Warning: This story contains details of an alleged sexual assault.
Bernard “Bernie” Lynch’s sexual assault trial is now in the hands of Judge Peter T. Bergbusch.
The judge has to decide whether the former junior hockey coach sexually assaulted and assaulted a 17-year-old in August 1988, after lawyers made their closing arguments in the trial in Regina Court of Queen’s Bench on Friday.
Lead Crown prosecutor Chris White told Bergbusch that the plaintiff testified to be heard and not in an attempt to persuade the judge.
White said the plaintiff came forward and went through the public process of testifying in court because he believes it is the right thing to do.
“He’s not motivated by money, fame or notoriety,” White said.
Lynch has almost 50 years of experience coaching hockey but, in the summer of 1988, he was named the newly minted assistant coach of the Regina Pats.
His first course of action was to try to recruit a 17-year-old prospect from a small town in Saskatchewan.
Any information that could identify the complainant or his then-girlfriend, the two witnesses called by the Crown, is protected by a publication ban.
The teenager was invited to participate in a hockey school offered by the Regina Pats that took place between August 7 and 13, 1988.
During the four-day trial, Bergbusch heard two different stories.
The complainant testified that he arrived in Regina on August 7 and expected to stay with Lynch that night, before moving to a hotel the next night.
The complainant said that while he was at Lynch’s apartment, he was offered beer and, despite refusing several times, was eventually pressured to drink.
He said Lynch encouraged him to strip naked and walk in front of the apartment’s patio door, and that he eventually did so.
Under questioning by White, the complainant testified that he later attempted to sober up by taking a shower.
The complainant said he believed the bathroom door was locked, but that Lynch eventually joined him in the shower.
The complainant testified that he did not want any romantic or sexual relationship with Lynch and that he had not invited Lynch to join him in the shower.
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The junior hockey coach then grabbed the teen’s penis, the complainant said.
He testified that he repeatedly said no, but that Lynch continued to touch him. Lynch then told the teen they should masturbate together, the complainant testified. He also said Lynch grabbed her hand and placed it on her genitals.
The complainant said he agreed to masturbate Lynch after being told that if he did, it would be the end.
The next day at hockey camp, Lynch joked around and physically touched the teen, the complainant testified. This included hitting the perpetrator on the buttocks, hitting him on the genitals with his keychain and punching him on the shoulder.
When testifying in his own defense, Lynch denied that the events described by the complainant ever occurred.
He said the complainant arrived in Regina on August 5, 1988 and was dropped off at a hotel instead of staying at Lynch’s home.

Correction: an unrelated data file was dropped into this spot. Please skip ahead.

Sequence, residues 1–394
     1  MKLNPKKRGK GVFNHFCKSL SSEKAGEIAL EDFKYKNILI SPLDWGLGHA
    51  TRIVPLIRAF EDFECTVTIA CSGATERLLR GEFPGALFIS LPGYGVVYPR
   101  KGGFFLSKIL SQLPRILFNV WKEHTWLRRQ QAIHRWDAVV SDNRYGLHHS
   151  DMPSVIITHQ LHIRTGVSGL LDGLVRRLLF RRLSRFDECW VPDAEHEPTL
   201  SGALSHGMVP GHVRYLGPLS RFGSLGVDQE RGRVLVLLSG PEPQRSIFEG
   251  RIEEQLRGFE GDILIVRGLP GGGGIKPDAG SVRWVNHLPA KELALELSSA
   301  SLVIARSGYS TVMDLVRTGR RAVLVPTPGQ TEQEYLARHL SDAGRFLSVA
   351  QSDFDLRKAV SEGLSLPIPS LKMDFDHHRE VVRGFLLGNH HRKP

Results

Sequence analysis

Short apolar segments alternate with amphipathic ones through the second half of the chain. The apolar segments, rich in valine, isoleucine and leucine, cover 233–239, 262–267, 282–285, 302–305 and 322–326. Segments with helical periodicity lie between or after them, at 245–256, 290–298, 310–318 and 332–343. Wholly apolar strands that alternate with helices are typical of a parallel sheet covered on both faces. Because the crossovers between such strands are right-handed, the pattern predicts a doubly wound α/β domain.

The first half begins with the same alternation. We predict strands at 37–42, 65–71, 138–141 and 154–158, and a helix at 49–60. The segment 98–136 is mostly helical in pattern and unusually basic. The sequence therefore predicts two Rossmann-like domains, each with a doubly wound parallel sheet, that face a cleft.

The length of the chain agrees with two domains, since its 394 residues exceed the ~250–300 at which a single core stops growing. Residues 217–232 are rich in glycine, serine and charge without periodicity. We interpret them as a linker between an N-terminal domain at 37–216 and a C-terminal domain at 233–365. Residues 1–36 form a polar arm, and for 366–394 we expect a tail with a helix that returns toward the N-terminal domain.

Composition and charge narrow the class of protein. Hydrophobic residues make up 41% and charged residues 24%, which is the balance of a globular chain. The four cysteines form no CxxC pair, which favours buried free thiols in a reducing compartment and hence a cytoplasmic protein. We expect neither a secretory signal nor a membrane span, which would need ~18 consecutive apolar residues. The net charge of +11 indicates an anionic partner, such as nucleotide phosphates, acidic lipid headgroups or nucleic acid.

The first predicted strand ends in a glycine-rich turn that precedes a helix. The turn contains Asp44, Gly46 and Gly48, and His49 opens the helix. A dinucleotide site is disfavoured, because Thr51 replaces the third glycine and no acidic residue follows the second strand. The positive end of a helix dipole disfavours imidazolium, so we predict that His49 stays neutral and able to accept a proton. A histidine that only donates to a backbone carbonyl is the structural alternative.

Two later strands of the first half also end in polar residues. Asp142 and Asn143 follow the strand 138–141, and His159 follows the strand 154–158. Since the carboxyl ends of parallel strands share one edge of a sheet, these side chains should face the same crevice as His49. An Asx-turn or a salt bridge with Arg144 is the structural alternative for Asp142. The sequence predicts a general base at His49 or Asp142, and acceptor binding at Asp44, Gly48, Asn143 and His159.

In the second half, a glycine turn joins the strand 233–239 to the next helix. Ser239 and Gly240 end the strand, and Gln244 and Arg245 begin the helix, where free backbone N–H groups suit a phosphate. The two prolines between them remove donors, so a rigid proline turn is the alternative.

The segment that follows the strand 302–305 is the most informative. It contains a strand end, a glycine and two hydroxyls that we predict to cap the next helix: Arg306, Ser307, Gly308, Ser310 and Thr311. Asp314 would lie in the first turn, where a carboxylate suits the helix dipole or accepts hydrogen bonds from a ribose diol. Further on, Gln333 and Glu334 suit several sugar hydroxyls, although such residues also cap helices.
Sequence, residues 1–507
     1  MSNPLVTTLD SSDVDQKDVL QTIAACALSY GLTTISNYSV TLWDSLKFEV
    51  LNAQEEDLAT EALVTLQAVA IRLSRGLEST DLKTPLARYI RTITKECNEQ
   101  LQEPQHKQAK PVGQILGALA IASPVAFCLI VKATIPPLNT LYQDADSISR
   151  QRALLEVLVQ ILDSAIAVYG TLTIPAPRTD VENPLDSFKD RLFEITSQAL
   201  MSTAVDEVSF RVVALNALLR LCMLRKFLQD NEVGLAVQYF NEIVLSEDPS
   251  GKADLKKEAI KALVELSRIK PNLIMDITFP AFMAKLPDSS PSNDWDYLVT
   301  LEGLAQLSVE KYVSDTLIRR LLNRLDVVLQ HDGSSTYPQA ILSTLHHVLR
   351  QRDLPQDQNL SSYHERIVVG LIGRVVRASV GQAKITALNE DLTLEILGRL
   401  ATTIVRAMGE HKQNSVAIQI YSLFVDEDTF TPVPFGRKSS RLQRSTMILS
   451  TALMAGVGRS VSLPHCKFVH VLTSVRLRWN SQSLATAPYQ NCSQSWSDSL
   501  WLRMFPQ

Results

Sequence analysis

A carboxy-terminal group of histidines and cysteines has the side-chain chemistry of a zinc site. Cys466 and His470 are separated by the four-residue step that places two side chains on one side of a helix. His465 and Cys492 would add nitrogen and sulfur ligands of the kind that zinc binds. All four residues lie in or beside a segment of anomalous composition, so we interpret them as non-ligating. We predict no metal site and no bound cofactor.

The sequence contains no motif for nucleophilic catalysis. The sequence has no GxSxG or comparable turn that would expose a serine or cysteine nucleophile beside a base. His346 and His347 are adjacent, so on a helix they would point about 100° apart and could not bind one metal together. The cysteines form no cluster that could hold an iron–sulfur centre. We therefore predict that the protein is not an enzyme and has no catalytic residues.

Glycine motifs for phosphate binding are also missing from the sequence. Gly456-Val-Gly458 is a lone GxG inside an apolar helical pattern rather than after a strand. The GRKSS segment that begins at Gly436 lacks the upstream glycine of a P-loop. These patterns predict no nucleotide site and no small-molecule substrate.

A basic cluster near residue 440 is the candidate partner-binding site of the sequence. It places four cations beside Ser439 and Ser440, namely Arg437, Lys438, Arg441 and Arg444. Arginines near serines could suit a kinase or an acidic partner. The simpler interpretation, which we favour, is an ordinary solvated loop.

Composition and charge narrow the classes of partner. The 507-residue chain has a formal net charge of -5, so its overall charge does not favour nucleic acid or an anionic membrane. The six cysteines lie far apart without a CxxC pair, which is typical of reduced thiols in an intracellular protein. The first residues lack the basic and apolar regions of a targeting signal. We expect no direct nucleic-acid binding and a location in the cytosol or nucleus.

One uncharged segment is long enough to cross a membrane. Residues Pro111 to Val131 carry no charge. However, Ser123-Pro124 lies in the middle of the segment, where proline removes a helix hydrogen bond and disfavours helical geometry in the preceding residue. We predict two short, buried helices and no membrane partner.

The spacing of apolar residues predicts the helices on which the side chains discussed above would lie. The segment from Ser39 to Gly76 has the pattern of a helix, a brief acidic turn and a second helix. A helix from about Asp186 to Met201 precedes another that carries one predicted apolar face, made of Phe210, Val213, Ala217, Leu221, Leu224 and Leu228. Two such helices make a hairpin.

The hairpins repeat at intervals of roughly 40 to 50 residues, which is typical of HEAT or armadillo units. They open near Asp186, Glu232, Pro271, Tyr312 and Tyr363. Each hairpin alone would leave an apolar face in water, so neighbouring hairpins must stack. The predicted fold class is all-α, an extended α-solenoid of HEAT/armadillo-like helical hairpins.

The former coach said he didn’t actually coach at the hockey school, even though he advertised himself as an instructor in a brochure earlier that summer.
Lynch said he flew to Calgary on Aug. 6, 1988, to participate in a clinic, before becoming a coach, at a Hockey Canada festival in Calgary from Aug. 12-20.
As evidence, the defense provided a photograph of the team Lynch coached. Lynch identified himself in the photo.
Chris White told the court that the testimony offered by Lynch was illogical.
White said it doesn’t make sense for Lynch to travel a full week before the festival to participate in a clinic that was held nine days before the team he coached played its first game.
“The only thing that was consistent [in Lynch’s testimony] was his inconsistency,” Chris White said.
Defense lawyer Andrew Hitchcock argued that Lynch is innocent until proven guilty and that the Crown had failed to meet the legal requirement for a criminal trial of “beyond a reasonable doubt”;
Hitchcock questioned why his client would do all the alleged actions and risk his status and future.
“Even predators try to avoid detection,” Hitchcock said.
Hitchcock said there is no corroboration of the plaintiff’s testimony that he stayed with Lynch at his hotel or stayed with Lynch in a hotel room, and there is no corroboration that Lynch participated in the hockey school.
He noted that the complainant couldn’t even remember who else was at the alleged hockey school.
White responded by saying this event occurred 35 years ago and that the complainant was not memorizing faces because he was dealing with the aftermath of the alleged assault.
The complainant testified that he went to police about the alleged assault decades after it allegedly occurred because he had started watching news stories about Lynch’s behavior.
He said he felt an obligation to speak out and make sure Lynch didn’t hurt anyone else in his care.
Bergbusch will rule on the case on December 1, 2023 at 10 a.m. CST.
Support is available for anyone who has been sexually assaulted. You can access local crisis lines and support services through this government of canada website or the Partnership to End Violence Canada Database. If you are in immediate danger or fear for your safety or the safety of others around you, call 911.